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In This Issue of JAMA Ophthalmology
February 2020


JAMA Ophthalmol. 2020;138(2):111. doi:10.1001/jamaophthalmol.2019.3836


Holmen and coauthors determine the frequency of artifacts in optical coherence tomography angiography (OCTA) images and how these artifacts are identified. In a cross-sectional study that included 406 OCTA images of eyes with diabetic retinopathy, the prevalence of artifacts was 53.5%, with shadow, defocus, and movement seen as the most common artifacts. Proprietary quality indices commonly used for identifying unreliable images had a high sensitivity (99%) but low specificity (37% to 41%). The results of this study suggest that knowledge of OCTA artifacts may be important in accurately interpreting these images for patient care and in clinical trials.

Invited Commentary

Author Audio Interview and Continuing Medical Education

Fry and coauthors determine if a mild choroideremia phenotype can be explained by genotype. In a case series study, 2 patients with a splice site variant outside the canonical donor sequence (c.940+3delA) demonstrated a mild phenotype compared with a cohort of 30 patients with choroideremia. Mildly affected patients expressed residual levels of full-length CHM transcript, while a control patient with normal disease progression due to a canonical donor splice site variant (c.940+2T>A) did not express any CHM transcript. These findings suggest residual levels of full-length CHM transcript are associated with milder disease, providing evidence of an association of genotype with phenotype in choroideremia and suggesting the transcript level required to slow degeneration with gene therapy.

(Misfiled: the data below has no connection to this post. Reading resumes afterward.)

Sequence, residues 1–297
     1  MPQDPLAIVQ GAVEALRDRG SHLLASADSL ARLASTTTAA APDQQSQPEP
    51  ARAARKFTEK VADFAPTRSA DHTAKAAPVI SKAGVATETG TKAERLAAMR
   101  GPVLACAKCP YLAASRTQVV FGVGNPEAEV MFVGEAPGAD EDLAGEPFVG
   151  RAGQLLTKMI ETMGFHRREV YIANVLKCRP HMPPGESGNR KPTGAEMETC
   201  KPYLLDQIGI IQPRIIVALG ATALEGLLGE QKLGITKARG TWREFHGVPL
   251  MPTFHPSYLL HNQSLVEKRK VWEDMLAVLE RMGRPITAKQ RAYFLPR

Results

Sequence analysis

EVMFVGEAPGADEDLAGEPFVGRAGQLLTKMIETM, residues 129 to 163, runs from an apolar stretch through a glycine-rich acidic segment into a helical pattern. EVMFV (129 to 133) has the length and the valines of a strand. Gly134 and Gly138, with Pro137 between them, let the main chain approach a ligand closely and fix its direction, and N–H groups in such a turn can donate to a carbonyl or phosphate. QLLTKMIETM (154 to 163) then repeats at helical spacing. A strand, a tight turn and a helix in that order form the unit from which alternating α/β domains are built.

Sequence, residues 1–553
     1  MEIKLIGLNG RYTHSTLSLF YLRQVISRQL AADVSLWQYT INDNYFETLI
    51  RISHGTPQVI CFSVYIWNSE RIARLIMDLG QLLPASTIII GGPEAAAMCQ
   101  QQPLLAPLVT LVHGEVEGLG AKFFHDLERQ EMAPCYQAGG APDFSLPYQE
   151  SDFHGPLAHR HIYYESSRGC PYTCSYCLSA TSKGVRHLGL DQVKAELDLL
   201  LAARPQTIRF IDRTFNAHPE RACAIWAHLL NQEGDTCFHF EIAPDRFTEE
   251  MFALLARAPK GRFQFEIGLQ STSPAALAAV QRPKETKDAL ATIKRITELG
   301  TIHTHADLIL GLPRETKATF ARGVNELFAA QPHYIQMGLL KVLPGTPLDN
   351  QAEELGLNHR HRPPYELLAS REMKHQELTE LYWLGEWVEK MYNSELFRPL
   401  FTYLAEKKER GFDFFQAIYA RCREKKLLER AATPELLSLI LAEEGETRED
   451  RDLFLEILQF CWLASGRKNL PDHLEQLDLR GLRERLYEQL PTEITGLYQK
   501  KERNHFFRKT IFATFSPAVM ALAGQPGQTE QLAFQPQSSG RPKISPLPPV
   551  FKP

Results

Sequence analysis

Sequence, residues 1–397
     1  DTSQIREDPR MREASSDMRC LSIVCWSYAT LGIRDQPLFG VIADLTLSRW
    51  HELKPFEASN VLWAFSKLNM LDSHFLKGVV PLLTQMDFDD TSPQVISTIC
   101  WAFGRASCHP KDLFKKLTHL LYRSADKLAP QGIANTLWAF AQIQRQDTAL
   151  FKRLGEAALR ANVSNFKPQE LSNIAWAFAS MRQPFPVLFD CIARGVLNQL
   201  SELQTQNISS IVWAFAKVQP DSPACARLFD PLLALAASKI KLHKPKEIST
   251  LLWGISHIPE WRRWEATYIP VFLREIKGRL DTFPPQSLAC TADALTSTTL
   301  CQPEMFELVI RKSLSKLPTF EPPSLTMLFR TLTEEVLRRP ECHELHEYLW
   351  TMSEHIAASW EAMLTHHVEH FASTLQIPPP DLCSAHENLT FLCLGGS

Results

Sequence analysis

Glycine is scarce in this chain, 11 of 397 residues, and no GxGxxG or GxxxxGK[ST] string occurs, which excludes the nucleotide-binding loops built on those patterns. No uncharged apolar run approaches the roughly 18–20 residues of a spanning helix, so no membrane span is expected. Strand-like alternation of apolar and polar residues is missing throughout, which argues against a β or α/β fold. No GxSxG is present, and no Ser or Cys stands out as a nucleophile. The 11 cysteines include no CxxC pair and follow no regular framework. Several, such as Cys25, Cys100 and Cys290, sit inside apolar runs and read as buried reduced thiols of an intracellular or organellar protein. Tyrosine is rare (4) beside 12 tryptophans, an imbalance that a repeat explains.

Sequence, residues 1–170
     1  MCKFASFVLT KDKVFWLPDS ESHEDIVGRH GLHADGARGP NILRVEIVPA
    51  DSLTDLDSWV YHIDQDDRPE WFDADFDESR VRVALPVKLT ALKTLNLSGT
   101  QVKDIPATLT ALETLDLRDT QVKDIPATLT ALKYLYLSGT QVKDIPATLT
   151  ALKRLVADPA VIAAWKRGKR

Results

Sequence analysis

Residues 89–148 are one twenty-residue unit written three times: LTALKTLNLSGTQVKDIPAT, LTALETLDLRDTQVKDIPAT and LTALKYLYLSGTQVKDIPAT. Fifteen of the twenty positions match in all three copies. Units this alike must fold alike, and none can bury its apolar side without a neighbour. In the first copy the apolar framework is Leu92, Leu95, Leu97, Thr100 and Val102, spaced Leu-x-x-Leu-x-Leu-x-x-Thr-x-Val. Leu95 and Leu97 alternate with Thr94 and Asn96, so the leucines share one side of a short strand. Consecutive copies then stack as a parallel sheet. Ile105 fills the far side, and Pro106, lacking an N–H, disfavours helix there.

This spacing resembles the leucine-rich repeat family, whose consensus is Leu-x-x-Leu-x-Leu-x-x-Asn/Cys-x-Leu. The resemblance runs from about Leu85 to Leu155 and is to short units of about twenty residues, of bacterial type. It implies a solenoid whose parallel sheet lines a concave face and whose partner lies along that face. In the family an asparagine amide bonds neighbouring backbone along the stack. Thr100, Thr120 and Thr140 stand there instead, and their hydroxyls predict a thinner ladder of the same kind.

Laurie and coauthors investigated if the ocular changes that develop in a ground-based analogue of weightlessness were similar to the ocular changes experienced by astronauts during weightlessness. Peripapillary total retinal thickness increased to a greater degree among individuals exposed to bed rest than among astronauts during spaceflight, while choroidal thickening developed only among astronauts during spaceflight. Differences in peripapillary total retinal thickness and choroidal thickness observed in astronauts vs individuals exposed to bed rest suggest that the mechanism(s) underlying optic disc edema may differ between those groups.

Invited Commentary

Wang and coauthors characterize the typical patterns of central visual field loss in end-stage glaucoma and evaluate if deteriorations follow trajectories specific to their baseline patterns. In their cohort study of 1103 patients with glaucoma, 14 central visual field patterns were determined by archetypal analysis, most of which preserve the inferotemporal regions entirely or partially. Initial encroachments on an intact central visual field at follow-up in end-stage glaucoma were more likely to be nasal loss. These results suggest that central visual field loss in end-stage glaucoma exhibits characteristic patterns that might be related to different subtypes, and initial central visual field loss is likely to be nasal loss.

Invited Commentary